Wednesday, Oct 20, 2021, 17:08 Mac: Hardware

Rumours – New iMac 27" In The Spring Of 2022?

The complete switch from Intel to in-house chips should be complete by the end of 2022. At least, this has been reported countless times in the past, and Tim Cook officially stated as much towards the end of Monday's "Unleashed" event. There's currently a noticeable gap in Apple's lineup when it comes to the iMac 27". After the presentation of the latest MacBook Pro with considerably improved performance, thanks to the M1 Pro and M1 Max chips, an Intel iMac just isn't a good option anymore.

The first configuration of the entry-level 27" Intel iMac for US$1,799 isn't even capable of outperforming the 13" MacBook Pro with M1. Neither is the second tier configuration; no, users will have to customize a 3.8 GHz 3rd tier 27" iMac to purchase a current-gen 27" desktop iMac faster than the 13" MacBook Pro with M1. That also means paying over US$3,000. However, the disparity between what, until recently, has historically been a larger, more powerful machine and its smaller laptop counterparts has been made even more apparent with the release of the MacBook Pro 14" and 16". Hope could be on the way, though, and even sooner than expected.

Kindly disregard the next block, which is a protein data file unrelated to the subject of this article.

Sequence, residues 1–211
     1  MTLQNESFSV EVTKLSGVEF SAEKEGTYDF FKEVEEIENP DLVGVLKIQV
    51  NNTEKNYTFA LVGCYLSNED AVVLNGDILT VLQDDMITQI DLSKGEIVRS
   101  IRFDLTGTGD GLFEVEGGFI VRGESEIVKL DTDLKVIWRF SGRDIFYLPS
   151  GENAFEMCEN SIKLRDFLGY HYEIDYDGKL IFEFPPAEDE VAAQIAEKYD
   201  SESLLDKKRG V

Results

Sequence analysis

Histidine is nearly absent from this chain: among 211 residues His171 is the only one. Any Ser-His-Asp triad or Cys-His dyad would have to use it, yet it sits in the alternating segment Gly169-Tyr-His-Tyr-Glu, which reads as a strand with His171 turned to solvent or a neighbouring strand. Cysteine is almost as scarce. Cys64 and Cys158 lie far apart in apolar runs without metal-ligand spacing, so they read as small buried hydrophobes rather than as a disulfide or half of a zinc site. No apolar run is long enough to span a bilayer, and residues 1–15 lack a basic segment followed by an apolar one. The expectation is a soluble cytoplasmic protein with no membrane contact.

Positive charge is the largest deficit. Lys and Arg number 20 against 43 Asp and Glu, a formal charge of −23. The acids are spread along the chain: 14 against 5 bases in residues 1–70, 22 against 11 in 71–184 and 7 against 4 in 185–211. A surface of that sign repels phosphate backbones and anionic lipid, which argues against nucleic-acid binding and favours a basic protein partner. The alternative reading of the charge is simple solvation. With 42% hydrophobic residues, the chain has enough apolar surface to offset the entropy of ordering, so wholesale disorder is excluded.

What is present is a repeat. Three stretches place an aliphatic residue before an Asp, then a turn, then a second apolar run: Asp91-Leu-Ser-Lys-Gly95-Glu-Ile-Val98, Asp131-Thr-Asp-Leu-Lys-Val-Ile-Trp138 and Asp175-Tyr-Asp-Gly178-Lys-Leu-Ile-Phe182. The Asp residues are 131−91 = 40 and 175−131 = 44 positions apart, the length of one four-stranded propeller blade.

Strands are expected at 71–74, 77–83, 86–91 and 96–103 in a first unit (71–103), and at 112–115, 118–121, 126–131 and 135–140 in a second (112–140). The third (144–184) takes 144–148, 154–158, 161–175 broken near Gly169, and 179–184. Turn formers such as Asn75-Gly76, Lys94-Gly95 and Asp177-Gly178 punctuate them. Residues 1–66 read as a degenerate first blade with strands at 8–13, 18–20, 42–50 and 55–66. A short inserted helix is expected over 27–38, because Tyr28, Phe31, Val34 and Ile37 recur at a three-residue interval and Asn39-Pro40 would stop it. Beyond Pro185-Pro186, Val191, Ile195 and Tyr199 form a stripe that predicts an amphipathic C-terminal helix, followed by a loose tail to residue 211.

As Early As March 2022?
Current information points towards the possibility of an Apple Silicon iMac 27" seeing a release in the first quarter. Thus, the iMac 27" could soon take after its 24" little brother with its very own M-chips. Until now, most reports haven't foreseen a release until the end of 2022 and have presumed that the 27" iMac would use the same chips as the not-yet-released Apple Silicon Mac Pro. There were also talks of the display size increasing by 3" up to 30".

ProMotion Display & MacBook Pro Chips?
Well-known market expert Ross Young, Apple could present the new iMacs in just a few months. However, he expects them to rely upon the same measurements as the current generation, with one change to the display – the arrival of MiniLED. ProMotion with variable image rate (24 - 120 HZ) is almost assuredly on its way as well. Young does not claim what type of processor Apple will use. There are two theoretical options, first, an M2 chip; second, the performance M1 chips from the MacBook Pro 2021. We're much likelier to see an M1 Pro or M1 Max than an M2, given that Apple typically doesn't release performance variants for a new generation of chips until after the standard generation has been introduced. The M2 is expected next spring in the MacBook Air, and it's unlikely that a performance variant will be available by that point in time.

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